So, any of you picking up new games this week?

Plastic Piranha Jason Brice Talks Rekoil

Watch Plastic Piranha president & CEO Jason Brice talk about his upcoming game Rekoil. This first-person shooter for Windows PC and Xbox 360 emphasizes skill and balanced gameplay. In the interview, Brice talks about Rekoil’s various modes and different weapons, as well as what makes the game stand out from the competition. While I enjoyed several deathmatch rounds of the game, one of the things that charmed me about Rekoil was the little details. For example, it has a capture-the-briefcase mode instead of a capture-the-flag mode and it has black barrels that explode instead of those deadly red ones we all fear. Those flourishes aside, a lot of hardcore shooter fans have been high on Rekoil. While Brice agrees that it’s a “pure shooter,” he also explains why it’s great for casual fans of first-person shooters.

For more information on Rekoil be sure to check out this excellent preview on PaulSemel.com.

Rekoil Preview

Plastic Piranha Jason Brice Interview

Here’s a short interview with Plastic Piranha president and CEO Jason Brice. For those of you not familiar with the company, it’s the developer of the upcoming first-person shooter Rekoil. Going from movie marketing to creating a hardcore first-person shooter sounds like an odd career path, but that’s the one Jason Brice has followed. Listen to him talk about his coworkers recreating a Call of Duty level in the office to creating CoD maps to creating Battlefield 2142 maps to starting his own development studio. Due to his atypical and unique background, Jason Brice is particularly passionate about giving gamers powerful and robust mod tools for Rekoil.

Jason Brice Plastic Piranha Rekoil

This Week’s Videogame Releases

With the Yankees 2013 season ending in failure, I’m ditching baseball and getting psyched for the 2013-2014 NBA season. NBA 2K14 should be a great help. I have no idea how this season will end, but when I play, the Miami Heat will not win another title. I know that many of you regular RPadholics aren’t big on the Nintendo 3DS platform, but there are a pair of lovely JRPGs hitting the Nintendo handheld this week: Etrian Odyssey Untold: The Millennium Girl and Rune Factory 4. Lastly, Ubi Soft has a pair of trilogy bundles for those looking to maximize their gaming dollars: Assassin’s Creed Ezio Trilogy Edition and Tom Clancy’s Ghost Recon Trilogy Edition.

So, any of you picking up new games this week?

Final Fantasy XIII: Lightning Returns Opening Cinematic

Embedded below is the opening cinematic for Final Fantasy XIII: Lightning Returns for PlayStation 3 and Xbox 3. The five-minute clip is a typical Square Enix cinematic, which is to say that it has some of the most gorgeous visuals you’ll see on a console. Keep in mind that some of the details are lost due to YouTube compression, but I assure you that the Lightning Returns video is quite dazzling. The clip shows several familiar faces and some new ones. As you’ve probably figured out, Lightning isn’t dead, which kind of makes her the Jean Grey of the Final Fantasy universe — she’s alive, she’s dead, no wait she’s alive again, lather and repeat as needed.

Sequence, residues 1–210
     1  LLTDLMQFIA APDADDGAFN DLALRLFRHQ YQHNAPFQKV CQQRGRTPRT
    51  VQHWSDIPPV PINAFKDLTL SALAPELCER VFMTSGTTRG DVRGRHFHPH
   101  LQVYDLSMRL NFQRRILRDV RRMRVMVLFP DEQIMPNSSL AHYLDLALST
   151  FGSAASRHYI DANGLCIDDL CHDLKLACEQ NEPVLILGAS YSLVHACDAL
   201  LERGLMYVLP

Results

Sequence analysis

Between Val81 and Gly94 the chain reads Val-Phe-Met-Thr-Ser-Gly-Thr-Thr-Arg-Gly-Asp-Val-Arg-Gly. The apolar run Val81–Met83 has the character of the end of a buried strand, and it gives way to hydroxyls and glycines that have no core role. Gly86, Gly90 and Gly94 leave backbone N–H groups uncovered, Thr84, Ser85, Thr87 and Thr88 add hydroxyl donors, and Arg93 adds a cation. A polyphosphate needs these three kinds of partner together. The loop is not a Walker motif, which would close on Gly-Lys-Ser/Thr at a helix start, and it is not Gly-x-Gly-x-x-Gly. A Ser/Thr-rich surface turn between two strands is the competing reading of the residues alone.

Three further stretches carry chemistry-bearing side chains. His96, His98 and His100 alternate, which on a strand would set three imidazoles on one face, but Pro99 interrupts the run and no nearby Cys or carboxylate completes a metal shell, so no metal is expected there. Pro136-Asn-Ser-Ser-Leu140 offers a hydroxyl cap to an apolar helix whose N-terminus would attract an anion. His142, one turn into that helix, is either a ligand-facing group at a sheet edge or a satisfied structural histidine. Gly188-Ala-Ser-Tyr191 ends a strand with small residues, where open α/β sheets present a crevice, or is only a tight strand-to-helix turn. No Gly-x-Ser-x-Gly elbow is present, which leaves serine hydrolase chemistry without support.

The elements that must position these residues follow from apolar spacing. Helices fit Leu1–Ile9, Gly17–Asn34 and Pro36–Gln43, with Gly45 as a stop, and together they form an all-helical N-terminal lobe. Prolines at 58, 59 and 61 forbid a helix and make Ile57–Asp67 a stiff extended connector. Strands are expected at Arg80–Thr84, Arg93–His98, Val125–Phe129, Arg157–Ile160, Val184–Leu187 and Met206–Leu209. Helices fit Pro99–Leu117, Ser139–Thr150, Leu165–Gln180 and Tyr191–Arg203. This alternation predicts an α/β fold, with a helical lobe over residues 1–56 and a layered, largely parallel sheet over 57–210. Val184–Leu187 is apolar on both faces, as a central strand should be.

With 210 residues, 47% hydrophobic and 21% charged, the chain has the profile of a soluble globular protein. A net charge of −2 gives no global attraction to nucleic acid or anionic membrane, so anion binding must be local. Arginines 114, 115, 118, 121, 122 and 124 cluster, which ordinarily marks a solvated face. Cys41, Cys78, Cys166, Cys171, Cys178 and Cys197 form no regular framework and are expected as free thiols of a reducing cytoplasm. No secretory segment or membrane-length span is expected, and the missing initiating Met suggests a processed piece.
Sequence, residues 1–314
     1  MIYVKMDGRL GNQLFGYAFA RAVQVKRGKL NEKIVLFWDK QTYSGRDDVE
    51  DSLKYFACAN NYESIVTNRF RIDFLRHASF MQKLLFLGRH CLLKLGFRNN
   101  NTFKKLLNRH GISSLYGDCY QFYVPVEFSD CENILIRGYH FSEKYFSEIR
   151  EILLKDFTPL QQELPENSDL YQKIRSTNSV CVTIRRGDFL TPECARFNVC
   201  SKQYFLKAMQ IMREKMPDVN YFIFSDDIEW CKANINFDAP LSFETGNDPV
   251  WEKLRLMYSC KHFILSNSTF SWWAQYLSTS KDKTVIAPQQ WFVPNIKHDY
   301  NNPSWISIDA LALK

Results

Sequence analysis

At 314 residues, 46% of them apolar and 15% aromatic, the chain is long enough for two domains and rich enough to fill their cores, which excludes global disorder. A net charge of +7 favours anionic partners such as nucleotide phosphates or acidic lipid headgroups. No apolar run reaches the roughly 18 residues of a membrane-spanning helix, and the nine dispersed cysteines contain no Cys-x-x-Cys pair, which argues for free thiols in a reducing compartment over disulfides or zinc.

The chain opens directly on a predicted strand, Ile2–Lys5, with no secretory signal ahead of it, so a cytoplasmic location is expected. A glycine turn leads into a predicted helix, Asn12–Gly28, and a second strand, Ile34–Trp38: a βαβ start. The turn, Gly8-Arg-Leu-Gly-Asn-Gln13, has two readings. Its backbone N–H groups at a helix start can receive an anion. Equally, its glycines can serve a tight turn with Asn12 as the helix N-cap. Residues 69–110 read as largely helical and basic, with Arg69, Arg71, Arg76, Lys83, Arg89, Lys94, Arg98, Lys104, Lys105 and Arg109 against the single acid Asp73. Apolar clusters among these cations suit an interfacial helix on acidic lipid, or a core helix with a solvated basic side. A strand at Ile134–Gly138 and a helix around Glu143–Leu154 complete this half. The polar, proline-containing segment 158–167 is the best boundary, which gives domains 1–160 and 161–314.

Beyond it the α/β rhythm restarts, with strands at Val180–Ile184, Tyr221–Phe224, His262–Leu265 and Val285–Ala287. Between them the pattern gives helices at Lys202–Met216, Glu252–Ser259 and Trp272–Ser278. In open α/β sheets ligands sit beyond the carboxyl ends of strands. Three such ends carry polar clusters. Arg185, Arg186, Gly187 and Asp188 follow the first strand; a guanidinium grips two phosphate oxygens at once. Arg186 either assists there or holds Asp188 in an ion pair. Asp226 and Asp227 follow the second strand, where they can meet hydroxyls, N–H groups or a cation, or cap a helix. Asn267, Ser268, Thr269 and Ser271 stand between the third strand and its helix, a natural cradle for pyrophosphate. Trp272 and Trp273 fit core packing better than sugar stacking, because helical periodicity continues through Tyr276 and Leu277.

Many longtime fans have blasted the Final Fantasy XIII series, but I’ve enjoyed it. Yes, it’s quite different from the older games and the exploration aspects are either non-existent or minimal, but the games’ others aspects have entertained me. With that in mind, I’m really looking forward to Lightning Returns. I’m curious to learn about how she came back and to see how her conflict with Snow is resolved. That said, I’m sure there will be plenty of other details that will confuse the hell out of me.

While I’m certain that the graphics, gameplay, and music will be strong, I’m only mildly hopeful about Lightning Returns‘ story. It’s true that several Square Enix stories make more sense with iteration (it took more than a decade, a PSP prequel, and an animated feature for Final Fantasy VII to make sense), but many gamers still find several Square Enix tales confounding. I love me some Kingdom Hearts, for example, but I need to keep the Wikipedia page handy to keep up with the plot and characters.

Anyway, check out the Final Fantasy XIII: Lightning Returns opening cinematic below and let me know what you think of it (please!). Are you excited for the game? Is it a day-one purchase for you?

This Week’s Videogame Releases

Grand Theft Auto V will hit store shelves this week. That’s pretty much all you need to know, right? Rockstar’s latest GTA will be one of the biggest games of 2013, if not the biggest. If you’re late to the PlayStation 3 party, you can pick up the GTAV PS3 500GB bundle. If open-world hyper-violence isn’t your thing then there’s…uh…Hot Wheels World’s Best Driver and We Sing: 80s. Right.

So, who’s picking up Grand Theft Auto V this week? Anyone? Anyone?